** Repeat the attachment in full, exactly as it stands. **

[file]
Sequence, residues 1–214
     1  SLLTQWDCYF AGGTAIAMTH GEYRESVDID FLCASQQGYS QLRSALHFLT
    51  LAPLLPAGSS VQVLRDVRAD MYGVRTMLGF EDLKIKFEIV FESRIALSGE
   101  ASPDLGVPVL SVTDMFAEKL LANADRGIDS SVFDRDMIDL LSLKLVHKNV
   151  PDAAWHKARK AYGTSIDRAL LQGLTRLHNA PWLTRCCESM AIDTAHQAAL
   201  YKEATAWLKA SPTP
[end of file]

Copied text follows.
Sequence, residues 1–214
     1  SLLTQWDCYF AGGTAIAMTH GEYRESVDID FLCASQQGYS QLRSALHFLT
    51  LAPLLPAGSS VQVLRDVRAD MYGVRTMLGF EDLKIKFEIV FESRIALSGE
   101  ASPDLGVPVL SVTDMFAEKL LANADRGIDS SVFDRDMIDL LSLKLVHKNV
   151  PDAAWHKARK AYGTSIDRAL LQGLTRLHNA PWLTRCCESM AIDTAHQAAL
   201  YKEATAWLKA SPTP